United Kingdom – Antidepressants Paxil, Aropax and Seroxat, often administrated to teenagers, were summited to analysis that described them as “ineffective and unsafe” for people under 25.
The study published in The BMJ journal found out that the drugs can be associated with suicide-related incidents, including suicidal thoughts and attempts, and are no better than a regular placebo. It was based on the same data of Study 329 by GlaxoSmithKline conducted 14 years ago that concluded the medicine was safe and effective.
By the time Study 329 was released it was much criticized, and experts questioned how the research was conducted and alleging that the discovery of dangerous side effects had been downplayed. But an international team of researchers led by Professor Jon Jureidini found the original study may have indeed underreported the prevalence of suicide-related incidents by using an inaccurate coding system that led to fewer children being identified as suicidal, The New York Times reported.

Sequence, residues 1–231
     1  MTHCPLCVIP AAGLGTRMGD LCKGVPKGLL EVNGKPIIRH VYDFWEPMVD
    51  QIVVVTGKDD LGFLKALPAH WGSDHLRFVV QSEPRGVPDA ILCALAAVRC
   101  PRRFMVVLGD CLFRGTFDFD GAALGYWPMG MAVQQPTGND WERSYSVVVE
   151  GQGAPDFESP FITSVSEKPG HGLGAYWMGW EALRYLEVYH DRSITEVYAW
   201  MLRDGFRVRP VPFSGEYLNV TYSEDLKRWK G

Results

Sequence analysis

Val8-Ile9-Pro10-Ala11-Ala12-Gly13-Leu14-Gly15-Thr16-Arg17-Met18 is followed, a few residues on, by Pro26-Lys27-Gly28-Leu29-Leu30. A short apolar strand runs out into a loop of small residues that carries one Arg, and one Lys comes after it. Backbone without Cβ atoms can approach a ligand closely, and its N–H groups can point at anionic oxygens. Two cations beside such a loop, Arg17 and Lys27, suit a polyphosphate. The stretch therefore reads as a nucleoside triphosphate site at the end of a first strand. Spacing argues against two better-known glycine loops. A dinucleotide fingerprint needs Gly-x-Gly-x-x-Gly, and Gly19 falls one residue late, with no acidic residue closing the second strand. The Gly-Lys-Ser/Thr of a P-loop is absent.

Since 2004, Paxil has carried a Food and Drug Administration-mandated warning label that notes an increased risk of suicide in children – the warning was extended to people as old as 25 in 2007. Despite the discovery, Paxil continues to be recommended to people over the age of 25 who experience depression.
Jon Jureidini, a professor at the University of Adelaide in Australia, led the team that conducted the reanalysis of the Paxil study. He claims that it’s “hard to think there wasn’t some mischief being done,” and that there were efforts to devalue the adverse effects of the antidepressant, as reported by the Washington Post.
In 2012, GlaxoSmithKline pled guilty and paid a $3 billion fine for promoting Paxil and other drugs for unapproved uses. But in a statement to The Washington Post, the company has claimed that their decision to provide the Study 329 data to the researchers is reflective of its commitment to transparency. Nine of the 2001 study’s original authors released a statement standing by their research and indicated plans to write an in-depth letter rebutting the claims found in the BMJ article.
“There is a widely known increased risk of suicidality in pediatric and adolescent patients given antidepressants like paroxetine” said the statement.
Source: The BMJ